2018 Winner: Bachelor of Music Senior Recital, Voice

Project Information
Bachelor of Music Senior Recital, Voice
Music Department
The Bachelor of Music Voice Recital is the apogee of the voice student’s time as an undergraduate. While the recital itself consists of a 50-minute, memorized performance of classical vocal repertoire, the work going into the recital entails four years of vocal instruction from faculty, consistent involvement in music department performances, and countless hours of dedicated individual practice. Students pursuing a Bachelor of Music (BM) undergo a more rigorous program than those seeking a Bachelor of Arts in Music (BA); this is because the BM program is meant to resemble that of a conservatory with special emphasis being placed on achievement in instrumental/vocal performance. To be admitted to the BM program, students must audition for a panel of faculty who must unanimously classify them as possessing an advanced level of proficiency. Even after admittance, students must defend their placement in the program by passing two juries each year with consistent marks of advanced-level proficiency. Furthermore, voice students pursuing a BM are also required to take language courses in Italian, German, and French.

As a culmination of the student’s years of work, the voice recital itself involves a careful selection of repertoire and set order. In addition to the inclusion of a minimum of four languages, the repertoire must also encompass a range of styles and eras. Beyond these technical aspects, artistry is essential in creating a recital program. A compelling recital is seamless; it follows a continuous arc, while simultaneously creating a small world within each song set’s story. For my recital, I performed five sets: two excerpts from Vivaldi’s Gloria in D Major, RV 589 (Latin text, Baroque era), Franz Schubert’s song cycle,Vier Canzonen (Italian texts, Classical Italian style), various mélodies by Reynaldo Hahn (French text, Impressionist style), various Lieder by Johannes Brahms (German text, Romantic era), and selections from Aaron Copland’s song cycle, Twelve Poems of Emily Dickinson (English text, 20th-Century). Both the music and the English translations of non-English texts were committed to memory.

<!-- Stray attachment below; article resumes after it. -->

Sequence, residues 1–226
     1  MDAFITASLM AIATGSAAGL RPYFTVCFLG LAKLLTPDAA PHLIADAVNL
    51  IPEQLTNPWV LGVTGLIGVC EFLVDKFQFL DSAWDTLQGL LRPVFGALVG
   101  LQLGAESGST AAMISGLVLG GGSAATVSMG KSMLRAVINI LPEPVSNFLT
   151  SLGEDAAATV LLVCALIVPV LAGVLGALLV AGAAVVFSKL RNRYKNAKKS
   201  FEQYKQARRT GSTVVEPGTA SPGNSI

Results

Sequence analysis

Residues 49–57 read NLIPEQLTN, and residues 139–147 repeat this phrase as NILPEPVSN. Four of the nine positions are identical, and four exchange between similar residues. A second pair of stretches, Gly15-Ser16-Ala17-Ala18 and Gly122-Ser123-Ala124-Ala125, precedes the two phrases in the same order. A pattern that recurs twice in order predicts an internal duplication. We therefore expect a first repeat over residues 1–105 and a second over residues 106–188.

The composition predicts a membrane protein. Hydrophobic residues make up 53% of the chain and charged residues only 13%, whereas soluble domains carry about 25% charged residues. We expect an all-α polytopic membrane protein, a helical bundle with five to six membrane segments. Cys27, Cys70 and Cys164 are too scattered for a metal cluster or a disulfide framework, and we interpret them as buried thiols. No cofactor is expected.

On a personal level, performing this recital was an incredible feat. Prior to studying at UCSC, I had no background in classical voice and opera. My undergraduate career spent studying voice with Emily Sinclair (three and a half years), Michael McGushin (four years), and Brian Staufenbiel (one year) was transformative. As a performer and vocalist, I developed an instrument that is capable of undertaking and interpreting the repertoire I chose, while also having the vocal stamina to perform it all in one setting. I’m proud of the journey that creating this recital has been. And even more so, I’m proud of the instrument I’ve developed in the process.

*The Vivaldi pieces were performed with music, because 1) one of the pieces involved a second vocalist and 2) the piece is typically performed with music.
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  • Madeline Erica Lippmann (Cowell)